Perhaps the impetus of Villette’s modification was to incorporate adjustment screws to the mechanism. He accomplished the task with grace. His twenty plus years of working for Godfroy and Louis Lot gave him the aesthetic sense of what a flute should look like, and the mechanical know how to make the keys function properly. A full Villette system has six adjustment screws, one for each pair of keys. The only omission is the thumb Bb. Not all of Villette’s flutes have the full system. Later flutes do not have the C/C# adjustment screw, and many earlier flutes lack the A/Bb adjustment screw. Nevertheless, all the Millereau flutes that I have seen of this model and vintage have the full Villette system.
The full system of adjustment screws, starting from low to high, consists of six pairs of keys: C/C#, D/F#, E/F#, F/F#, F/Bb, A/Bb. Each pair has its own design challenge. Villette did not use a one-size-fit-all approach. He sought out the requirement of each screw, its function, accessibility, and the overall visual effect, and came up with the best solution for the circumstance. As a flutemaker, I can appreciate the arduous hours he spent on testing and making new keys. None of the adjusting screw looks like it is an afterthought, but an integral part of a key.
Villette’s C/C# adjustment screw on the footjoint was only used for a couple of years and then abandoned around 1880. This is probably Villette’s weakest design. The undefined area where the screw touches the bridge does not convey assurance. It would be better to have a designated flat area on the bridge to receive the adjustment. Bridges also tend to be long and can have some flex causing inaccuracies. For these reasons, Villette may have felt that the design was not up to his standard and abandoned it. On the other hand, Millereau retained the same design and used it for many more years.
C# adjustment screw, Villette (top), Millereau (bottom)
Villette formed the pointed arms by hand from a square bar stock, then fitted and soldered them to the cups before bending and soldering again onto the hinged tubing. The adjustment screw is at the end of the pointed arm showing the cross section of the stock used. The execution on the Millereau shows a very high degree of craftsmanship. Extra care was taken to round the square end to match the contour of the screw head - an added touch that is not found on Villette’s rendition.
Villette’s arrangement of the D/F# adjustment screw, as well as the working of the right hand section was a departure from the Godfroy/Lot tradition. The standard right hand section has two pinned lugs operating the D/F# and E/F# adjustments, the F/F# connection is via a back connectors. Villette used one pinned lug that is shaped like a “T” to connect both the D and E to the F#. A tab has to be added on the far side on the D hinged tubing in order to reach the lug. The F/F# connection is now on the top side via a tab that extends out from the F kicker, received by the F# with an added lug under the key. This lug also provides a place for the spring catch that is nearer to the post than before, promoting a shorter spring length. Now, all the springs on the right hand section are the same length which could make the job of regulation a bit easier. Millereau’s arrangement is exactly the same. Also notice on the Millereau, the key cups are small and the rings around the open holes are highly sculpted with circular ridges.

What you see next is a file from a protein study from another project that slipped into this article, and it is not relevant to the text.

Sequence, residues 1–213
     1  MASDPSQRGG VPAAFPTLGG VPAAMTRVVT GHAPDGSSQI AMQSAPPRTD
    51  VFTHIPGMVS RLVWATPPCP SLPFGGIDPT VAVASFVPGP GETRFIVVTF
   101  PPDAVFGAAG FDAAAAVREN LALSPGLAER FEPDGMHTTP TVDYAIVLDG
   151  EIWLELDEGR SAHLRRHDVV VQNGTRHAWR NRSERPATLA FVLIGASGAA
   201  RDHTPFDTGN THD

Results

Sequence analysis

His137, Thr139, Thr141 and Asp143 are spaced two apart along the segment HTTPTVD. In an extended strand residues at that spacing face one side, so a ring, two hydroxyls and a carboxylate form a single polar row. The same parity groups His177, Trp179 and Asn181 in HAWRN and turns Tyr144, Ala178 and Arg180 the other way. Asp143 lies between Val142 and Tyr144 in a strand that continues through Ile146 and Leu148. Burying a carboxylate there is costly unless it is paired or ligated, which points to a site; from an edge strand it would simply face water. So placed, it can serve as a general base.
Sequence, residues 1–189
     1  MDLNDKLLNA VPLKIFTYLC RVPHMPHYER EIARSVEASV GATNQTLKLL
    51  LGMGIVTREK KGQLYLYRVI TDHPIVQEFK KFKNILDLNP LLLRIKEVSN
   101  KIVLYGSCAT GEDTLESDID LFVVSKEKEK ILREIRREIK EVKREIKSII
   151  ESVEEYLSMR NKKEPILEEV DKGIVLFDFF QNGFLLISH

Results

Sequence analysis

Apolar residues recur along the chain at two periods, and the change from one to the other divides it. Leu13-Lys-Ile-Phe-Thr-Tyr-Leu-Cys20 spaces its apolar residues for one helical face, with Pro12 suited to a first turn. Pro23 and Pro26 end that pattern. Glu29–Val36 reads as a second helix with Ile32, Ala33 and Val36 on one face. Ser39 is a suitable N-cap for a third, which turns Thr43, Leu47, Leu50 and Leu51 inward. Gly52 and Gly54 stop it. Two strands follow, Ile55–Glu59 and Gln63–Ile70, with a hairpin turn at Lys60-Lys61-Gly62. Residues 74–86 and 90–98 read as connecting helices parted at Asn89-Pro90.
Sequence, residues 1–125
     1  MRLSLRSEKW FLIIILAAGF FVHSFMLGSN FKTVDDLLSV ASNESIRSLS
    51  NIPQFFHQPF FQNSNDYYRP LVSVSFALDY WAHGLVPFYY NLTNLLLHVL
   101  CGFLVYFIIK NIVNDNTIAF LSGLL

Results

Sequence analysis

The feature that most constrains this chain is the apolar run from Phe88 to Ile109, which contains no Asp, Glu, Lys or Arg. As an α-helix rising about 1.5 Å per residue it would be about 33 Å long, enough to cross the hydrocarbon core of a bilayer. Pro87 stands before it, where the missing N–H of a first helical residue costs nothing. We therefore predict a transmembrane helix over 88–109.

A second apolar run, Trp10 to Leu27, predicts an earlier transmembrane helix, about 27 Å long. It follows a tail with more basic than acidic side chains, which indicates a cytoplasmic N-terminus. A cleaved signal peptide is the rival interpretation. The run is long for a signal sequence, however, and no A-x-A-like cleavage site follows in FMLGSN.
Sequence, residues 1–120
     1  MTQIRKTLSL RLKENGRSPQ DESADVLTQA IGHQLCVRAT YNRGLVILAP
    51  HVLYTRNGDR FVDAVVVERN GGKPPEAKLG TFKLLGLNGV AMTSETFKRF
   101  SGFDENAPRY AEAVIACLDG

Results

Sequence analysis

adjustment screw. Villette (top), Millereau (bottom)
The E/F# adjustment screw is accessible from under the hinged tubing. It is well hidden to avoid any unwanted action on the screw head. The E tail is also moved from the cup to a higher position, otherwise, it will block access to the screw. It is interesting that Villette also moved the tails of the D, G and A away from the back of their respective key cups. I wonder if his intention was to clear the view of the back of the cups for padding purposes. On the later Villettes, the same treatment was also applied to the low C on the footjoint. The repositioning of the tails was not accidental or a cost saving device. Millereau copied these details faithfully because he understood the real purposes behind them. One has to wonder if the flutemaker(s) who made Millereau’s flutes were the same people who worked at Villette’s workshop. Nonetheless, Millereau’s flutes have much of their own character and aesthetic due to the fact that their cups and touches are all their own. They also chose to use the old fashioned one-piece rib recipe while Villette pioneered the use of a separate trill rib.
adjustment screw in the back of the lug. Villette (top), Millereau (bottom)